BORIS Johnson has continued to dismiss the prospect of a second referendum, despite the likelihood that a pro-independence majority of MSPs are to be elected to the Scottish Parliament.

The Prime Minister, speaking after only a handful of Scottish election results had been announced yesterday, said that in the “current context” another vote on the constitution would be “irresponsible and reckless”.

The comments are nothing new, with Mr Johnson making the same remarks prior to polling day.

However commentators had predicted there could be a subtle shift depending on the results of the Holyrood vote.

Speaking to the Telegraph yesterday, Mr Johnson also suggested that the SNP had “moved away” from a push for another vote.

He said: “I listened to the Scottish election carefully. My impression was that they [the SNP] moved away from the idea of a referendum and I think very wisely…Because I don’t think this is anything like the time to have more constitutional wrangling, to be talking about ripping our country apart, when actually people want to heal our economy and bounce forward together.

"That’s what people want.”

The SNP’s hopes of getting a Holyrood majority in their own right are now severely in doubt, however it is accepted that the party, along with the Greens, will make up more than half of the new intake of MSPs.

Despite this, Mr Johnson said a referendum would be unwise, adding: “I think a referendum in the current context is irresponsible and reckless.”

Asked about claims that he has said privately he would never agree to another referendum, the Prime Minister repeated his comments: “I think a referendum in the current context is irresponsible and reckless. Let me leave it at that.”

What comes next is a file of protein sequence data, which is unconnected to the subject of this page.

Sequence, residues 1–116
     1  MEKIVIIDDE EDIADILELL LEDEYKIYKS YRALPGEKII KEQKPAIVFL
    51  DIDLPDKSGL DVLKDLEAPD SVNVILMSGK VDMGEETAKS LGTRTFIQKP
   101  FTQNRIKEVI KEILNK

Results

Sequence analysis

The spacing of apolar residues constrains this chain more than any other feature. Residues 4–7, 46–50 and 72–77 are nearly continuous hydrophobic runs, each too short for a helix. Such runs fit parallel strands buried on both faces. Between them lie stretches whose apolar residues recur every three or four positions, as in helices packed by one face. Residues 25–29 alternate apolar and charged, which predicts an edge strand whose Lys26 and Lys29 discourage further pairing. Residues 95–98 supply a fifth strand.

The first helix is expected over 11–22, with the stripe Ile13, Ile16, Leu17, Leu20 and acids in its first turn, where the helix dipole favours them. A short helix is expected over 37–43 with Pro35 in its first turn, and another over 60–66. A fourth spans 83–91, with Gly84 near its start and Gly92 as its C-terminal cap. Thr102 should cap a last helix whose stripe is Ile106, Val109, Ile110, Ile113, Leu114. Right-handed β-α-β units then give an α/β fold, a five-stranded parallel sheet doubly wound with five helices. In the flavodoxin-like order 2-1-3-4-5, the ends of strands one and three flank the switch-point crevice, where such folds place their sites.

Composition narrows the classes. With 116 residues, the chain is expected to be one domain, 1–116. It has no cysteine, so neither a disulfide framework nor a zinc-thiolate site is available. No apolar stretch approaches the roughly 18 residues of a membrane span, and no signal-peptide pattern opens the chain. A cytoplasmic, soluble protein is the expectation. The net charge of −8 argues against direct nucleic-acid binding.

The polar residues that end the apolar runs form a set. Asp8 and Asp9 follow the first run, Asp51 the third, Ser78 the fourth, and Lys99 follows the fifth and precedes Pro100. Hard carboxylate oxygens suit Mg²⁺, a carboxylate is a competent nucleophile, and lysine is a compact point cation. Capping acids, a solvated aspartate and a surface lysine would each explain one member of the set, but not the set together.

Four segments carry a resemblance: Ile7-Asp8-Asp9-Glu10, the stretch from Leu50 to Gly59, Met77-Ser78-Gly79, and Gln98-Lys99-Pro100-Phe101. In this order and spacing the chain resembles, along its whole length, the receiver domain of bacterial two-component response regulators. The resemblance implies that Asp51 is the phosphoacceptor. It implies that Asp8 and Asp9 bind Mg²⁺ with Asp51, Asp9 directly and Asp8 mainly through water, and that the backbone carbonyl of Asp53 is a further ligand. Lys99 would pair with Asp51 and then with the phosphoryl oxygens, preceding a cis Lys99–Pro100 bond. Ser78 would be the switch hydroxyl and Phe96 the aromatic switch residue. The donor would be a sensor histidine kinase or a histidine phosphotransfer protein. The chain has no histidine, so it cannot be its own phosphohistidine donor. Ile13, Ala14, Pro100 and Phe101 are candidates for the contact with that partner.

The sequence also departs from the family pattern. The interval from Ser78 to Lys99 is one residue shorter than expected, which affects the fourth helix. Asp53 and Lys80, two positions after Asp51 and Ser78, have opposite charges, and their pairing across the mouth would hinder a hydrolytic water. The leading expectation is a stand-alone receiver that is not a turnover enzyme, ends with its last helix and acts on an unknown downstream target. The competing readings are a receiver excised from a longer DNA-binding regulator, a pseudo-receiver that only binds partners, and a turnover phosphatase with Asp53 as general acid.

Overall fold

Mr Johnson was also asked about what he would do if the SNP attempted to hold a referendum without permission from Westminster.

Ms Sturgeon has said categorically she would not move to have a “wildcat” referendum however Alex Salmond’s Alba party had suggested it could be one way to push for separation.

Mr Johnson said: “Well, as I say, I think that there’s no case now for such a thing … I don’t think it’s what the times call for at all.”

George Eustice, the Westminster Environment secretary, made similar remarks during the morning broadcast round today.

Mr Eustice said a referendum is a "complete distraction" and added: "It would be irresponsible to have another divisive referendum and another bout of constitutional debate at a time when we are charting our way out of this pandemic and when we’ve got to really focus on economic recovery.

“We think it’s completely the wrong thing to be doing.

“We had a referendum just a little over five years ago and that settled the issue." 

Asked about potential court action over another constitutional vote, the minister said: "Look, I’m not a lawyer – lawyers will look at these things and I think it is getting ahead of ourselves.

“There is a question at the moment over whether the SNP will get a majority or not – we’ll have to wait and see until the results come through."